Bowman G, Preisler H, Raza A. et al. Use of the day 6 bone marrow to alter remission induction therapy in patients with acute myeloid leukaemia: a leukemia intergroup study. Br J Haematol. 1989;71:493. [PubMed: 2653407]
Cassileth P A, Gerson S L, Bonner H. et al. Identification of early relapsing patients with adult acute nonlymphocytic leukemia by bone marrow biopsy after initial induction chemotherapy. J Clin Oncol. 1984;2:107. [PubMed: 6699661]
Preisler H, Bjornsson S, Henderson E S. et al. Remission induction in acute nonlymphocytic leukemia: comparison of a seven-day infusion of cytosine arabinoside in combination with adriamycin. Med Pediatr Oncol. 1979;7:269. [PubMed: 542191]
Gajewski J L, Ho W G, Nimer S D. et al. Efficacy of intensive chemotherapy for acute myelogenous leukemia associated with a preleukemic syndrome. J Clin Oncol. 1989;7:1637. [PubMed: 2809680]
Stone R M, Mayer R J. Treatment of the newly diagnosed adult with de novo acute myeloid leukemia. Hematol Oncol Clin North Am. 1993;7:47. [PubMed: 8449864]
Rai K R, Holland J F, Glidewell O J. et al. Treatment of acute myelocytic leukemia: a study by Cancer and Leukemia Group B. Blood. 1981;58:1203. [PubMed: 6946847]
Yates J W, Wallace J Jr, Ellison R R, Holland J F. Cytosine arabinoside (MSC A63878) and daunorubicin (NSC A83142) in acute non-lymphocytic leukemia. Cancer Chemother Rep. 1973;57:485. [PubMed: 4586956]
Weil M, Glidewell O J, Jacquillat C. et al. Daunorubicin in the therapy of acute granulocytic leukemia. Cancer Res. 1973;33:921–928. [PubMed: 4512953]
Dillman R O, Davis R B, Green M R. et al. Comparative study of two remission induction regimens of ara-c for acute myelocytic leukemia (AML). Blood. 1991;78:2520. [PubMed: 1824249]
Wiernik P H, Glidewell O J, Hoagland C. et al. A comparative trial of daunorubicin, cytosine, arabinoside, and thioquanine, and a combination of the three agents for the treatment of acute myelocytic leukemia. Med Pediatr Oncol. 1979;6:261. [PubMed: 381887]
Preisler H D, Anderson K, Rai K. et al. Cancer And Acute Leukemia Group B. The frequency of long-term remission in patients with acute myelogenous leukemia treated with conventional maintenance chemotherapy: a study of 760 patients with a minimal follow-up time of 6 years. Br J Haematol. 1989;71:189. [PubMed: 2923805]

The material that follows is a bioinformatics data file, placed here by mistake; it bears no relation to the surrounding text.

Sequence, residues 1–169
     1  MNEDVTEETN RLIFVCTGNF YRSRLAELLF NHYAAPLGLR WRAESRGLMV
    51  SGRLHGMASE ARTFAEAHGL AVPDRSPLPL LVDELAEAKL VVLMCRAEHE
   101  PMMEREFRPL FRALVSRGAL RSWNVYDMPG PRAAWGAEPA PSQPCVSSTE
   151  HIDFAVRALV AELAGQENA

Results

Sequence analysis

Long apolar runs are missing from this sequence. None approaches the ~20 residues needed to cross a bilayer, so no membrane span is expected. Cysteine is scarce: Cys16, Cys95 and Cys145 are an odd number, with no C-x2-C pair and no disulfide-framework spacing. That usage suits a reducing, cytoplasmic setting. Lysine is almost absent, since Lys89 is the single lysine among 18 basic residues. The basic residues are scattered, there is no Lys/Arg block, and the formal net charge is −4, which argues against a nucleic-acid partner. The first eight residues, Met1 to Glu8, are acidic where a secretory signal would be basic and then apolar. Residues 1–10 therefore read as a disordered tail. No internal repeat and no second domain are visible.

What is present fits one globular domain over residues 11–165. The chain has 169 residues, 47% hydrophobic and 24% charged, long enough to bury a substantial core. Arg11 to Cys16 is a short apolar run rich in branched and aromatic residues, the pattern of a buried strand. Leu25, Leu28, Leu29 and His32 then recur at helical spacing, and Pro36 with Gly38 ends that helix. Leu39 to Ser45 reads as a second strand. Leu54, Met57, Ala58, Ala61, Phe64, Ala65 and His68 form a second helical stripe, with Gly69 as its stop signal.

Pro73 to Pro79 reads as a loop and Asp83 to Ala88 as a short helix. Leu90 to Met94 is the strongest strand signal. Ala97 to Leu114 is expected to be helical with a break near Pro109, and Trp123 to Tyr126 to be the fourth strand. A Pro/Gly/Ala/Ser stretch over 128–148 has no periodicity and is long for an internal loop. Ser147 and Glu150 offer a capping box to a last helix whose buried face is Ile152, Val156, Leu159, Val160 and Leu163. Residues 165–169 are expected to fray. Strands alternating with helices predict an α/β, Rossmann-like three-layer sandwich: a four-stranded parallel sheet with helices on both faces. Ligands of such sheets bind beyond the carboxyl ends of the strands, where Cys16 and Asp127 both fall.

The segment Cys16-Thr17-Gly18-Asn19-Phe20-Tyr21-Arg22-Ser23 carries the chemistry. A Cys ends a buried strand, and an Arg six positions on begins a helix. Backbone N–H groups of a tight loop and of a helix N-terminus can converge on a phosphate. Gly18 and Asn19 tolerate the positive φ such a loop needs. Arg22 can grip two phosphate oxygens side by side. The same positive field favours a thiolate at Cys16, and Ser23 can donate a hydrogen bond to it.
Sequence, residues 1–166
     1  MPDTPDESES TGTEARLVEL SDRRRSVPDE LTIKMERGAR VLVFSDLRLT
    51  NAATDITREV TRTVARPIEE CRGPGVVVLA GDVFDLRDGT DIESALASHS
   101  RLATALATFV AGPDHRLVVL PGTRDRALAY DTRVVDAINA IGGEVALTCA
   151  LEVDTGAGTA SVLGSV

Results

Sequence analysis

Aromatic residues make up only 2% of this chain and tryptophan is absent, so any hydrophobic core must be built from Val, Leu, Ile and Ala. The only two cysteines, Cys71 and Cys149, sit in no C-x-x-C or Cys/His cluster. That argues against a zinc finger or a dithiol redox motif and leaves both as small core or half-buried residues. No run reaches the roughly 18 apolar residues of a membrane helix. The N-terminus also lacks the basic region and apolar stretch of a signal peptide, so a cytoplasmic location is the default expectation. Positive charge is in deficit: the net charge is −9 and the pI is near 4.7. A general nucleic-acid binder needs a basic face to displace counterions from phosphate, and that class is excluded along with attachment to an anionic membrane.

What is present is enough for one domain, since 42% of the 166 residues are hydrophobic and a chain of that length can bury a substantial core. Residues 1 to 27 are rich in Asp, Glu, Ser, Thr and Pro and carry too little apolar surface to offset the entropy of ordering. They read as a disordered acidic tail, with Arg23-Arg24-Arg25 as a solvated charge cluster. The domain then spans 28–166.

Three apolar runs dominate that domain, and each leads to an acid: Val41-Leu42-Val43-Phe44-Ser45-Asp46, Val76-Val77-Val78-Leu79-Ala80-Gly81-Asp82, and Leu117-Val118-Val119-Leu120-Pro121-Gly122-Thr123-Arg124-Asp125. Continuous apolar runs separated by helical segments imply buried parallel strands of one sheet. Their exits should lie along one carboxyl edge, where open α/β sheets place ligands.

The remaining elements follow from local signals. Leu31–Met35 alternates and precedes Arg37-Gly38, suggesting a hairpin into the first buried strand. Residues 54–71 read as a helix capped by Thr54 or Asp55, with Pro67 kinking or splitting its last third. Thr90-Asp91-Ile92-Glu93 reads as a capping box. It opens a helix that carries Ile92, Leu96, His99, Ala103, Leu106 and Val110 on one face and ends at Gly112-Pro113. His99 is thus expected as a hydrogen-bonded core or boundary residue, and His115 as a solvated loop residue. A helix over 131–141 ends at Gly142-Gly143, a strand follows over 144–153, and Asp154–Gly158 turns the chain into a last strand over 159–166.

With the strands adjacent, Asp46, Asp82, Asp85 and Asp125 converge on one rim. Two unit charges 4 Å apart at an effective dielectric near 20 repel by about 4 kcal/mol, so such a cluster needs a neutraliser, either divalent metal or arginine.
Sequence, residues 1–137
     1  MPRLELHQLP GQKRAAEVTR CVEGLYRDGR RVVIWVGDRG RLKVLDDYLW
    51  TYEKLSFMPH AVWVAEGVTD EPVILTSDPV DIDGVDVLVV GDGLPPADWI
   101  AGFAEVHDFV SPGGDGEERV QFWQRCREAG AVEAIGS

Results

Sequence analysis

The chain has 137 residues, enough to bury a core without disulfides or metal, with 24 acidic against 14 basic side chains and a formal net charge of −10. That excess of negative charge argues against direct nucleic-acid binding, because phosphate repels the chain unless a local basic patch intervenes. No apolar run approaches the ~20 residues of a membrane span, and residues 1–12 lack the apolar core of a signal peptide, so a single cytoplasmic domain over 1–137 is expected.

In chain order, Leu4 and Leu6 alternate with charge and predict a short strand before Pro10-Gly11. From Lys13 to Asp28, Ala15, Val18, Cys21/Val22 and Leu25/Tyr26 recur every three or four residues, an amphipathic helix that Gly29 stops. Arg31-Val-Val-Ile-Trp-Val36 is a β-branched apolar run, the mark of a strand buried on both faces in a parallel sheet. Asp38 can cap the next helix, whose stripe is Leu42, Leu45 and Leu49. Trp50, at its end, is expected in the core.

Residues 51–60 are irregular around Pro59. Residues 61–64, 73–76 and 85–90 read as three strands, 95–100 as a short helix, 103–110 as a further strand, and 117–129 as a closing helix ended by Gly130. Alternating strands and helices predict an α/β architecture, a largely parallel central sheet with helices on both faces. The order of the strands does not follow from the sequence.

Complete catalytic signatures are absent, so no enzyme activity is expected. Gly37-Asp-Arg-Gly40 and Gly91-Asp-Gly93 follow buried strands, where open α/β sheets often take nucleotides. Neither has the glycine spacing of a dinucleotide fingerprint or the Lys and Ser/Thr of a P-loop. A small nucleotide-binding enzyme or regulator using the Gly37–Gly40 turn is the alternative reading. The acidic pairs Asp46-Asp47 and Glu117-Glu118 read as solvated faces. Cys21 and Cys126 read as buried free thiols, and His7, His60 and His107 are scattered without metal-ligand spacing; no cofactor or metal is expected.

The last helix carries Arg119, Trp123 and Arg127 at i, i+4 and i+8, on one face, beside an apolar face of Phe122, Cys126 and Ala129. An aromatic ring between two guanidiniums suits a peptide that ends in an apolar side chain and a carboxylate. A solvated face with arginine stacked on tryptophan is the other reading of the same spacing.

Yates J, Glidewell O, Wiernik P. et al. Cytosine arabinoside with daunorubicin or Adriamycin for therapy for acute myelocytic leukemia: a CALGB study. Blood. 1982;60:454. [PubMed: 6953986]
Berman E, Heller G, Santorsa J. et al. Results of a randomized trial comparing idarubicin and cytosine arabinoside with daunorubicin and cytosine arabinoside in adult patients with newly diagnosed acute nonlymphocytic leukemia. Blood. 1991;77:1666. [PubMed: 2015395]
Clarkson B D, Gee T, Mertelsman R. et al. Current status of treatment of acute leukemia in adults: an overview of the Memorial experience and review of the literature. Crit Rev Oncol Hematol. 1986;4:221. [PubMed: 3513984]
Keating M J, Gehan E A, Smith T L. et al. A strategy for evaluation of new treatments in untreated patients: application to a clinical trial of AMSA for acute leukemia. J Clin Oncol. 1987;5:710. [PubMed: 3553435]
Vogler W R, Velez-Garcia E, Weiner R S. et al. A phase-three trial comparing idarubicin and daunorubicin in combination with cytarabine in acute myelogenous leukemia. A Southeaster Cancer Group Study. J Clin Oncol. 1992;10:1103. [PubMed: 1607916]
Bishop J F, Lowenthal R M, Josua D E. et al. A randomized trial of cytosine arabinoside, daunorubicin 1 VP 160213 (73 VS 737) as initial induction in adults with acute non-lymphocytic leukemia. Blood. 1990;75:27.
Weick J K, Kopecky K J, Appelbaum F R. et al. A randomized investigation of high-dose versus standard-dose cytosine arabinoside with daunorubicin in patients with previously untreated acute myeloid leukemia: a Southwest Oncology Group Study. Blood. 1996;88:2841. [PubMed: 8874180]
Bishop J F, Matthews J P, Young G A. et al. Randomized study of high-dose cytarabine in induction in acute myeloid leukemia. Blood. 1996;87:1710. [PubMed: 8634416]
Schiller G, Gajewski J, Nimer S. et al. A randomized study of intermediate versus conventional-dose cytarabine as intensive induction for acute myelogenous leukemia. Br J Haematol. 1992;81:170. [PubMed: 1643014]
Mitus A J, Miller K B, Schenkein D P. et al. Improved survival for patients with acute myelogenous leukemia. J Clin Oncol. 1995;13:560. [PubMed: 7884416]
Petersdorf S, Rankin C, Terebolo H. et al. A phase II study of standard dose daunomycin and cytosine arabinoside (ara-C) with high dose ara-C induction therapy followed by sequential high dose ara-C consolidation for adults with previously untreated acute myelogenous leukemia: a Southwest Oncology Group study (SWOG 9500). Proc ASCO. 1998;17:55a.
Beran M, Kantarijian H. Topotecan in the treatment of hematologic malignancies. Semin Hematol. 1998;35(Suppl 4):26. [PubMed: 9779879]
Latagliata R, Petti M C, Mandelli F. Acute myeloid leukemia in the elderly: ‘per aspera ad astra’? Leuk Res. 1999;23:603. [PubMed: 10400181]
Bolwell B J, Cassileth P A, Gale R P. Low dose cytosine arabinoside in myelodysplasia and acute myelogenous leukemia: a review. Leukemia. 1987;1:575. [PubMed: 3312846]
Tilly H, Castaigne S, Bordessoule D. et al. Low-dose cytarabine versus intensive chemotherapy in the treatment of acute nonlymphocytic leukemia in the elderly. J Clin Oncol. 1990;8:272. [PubMed: 2299370]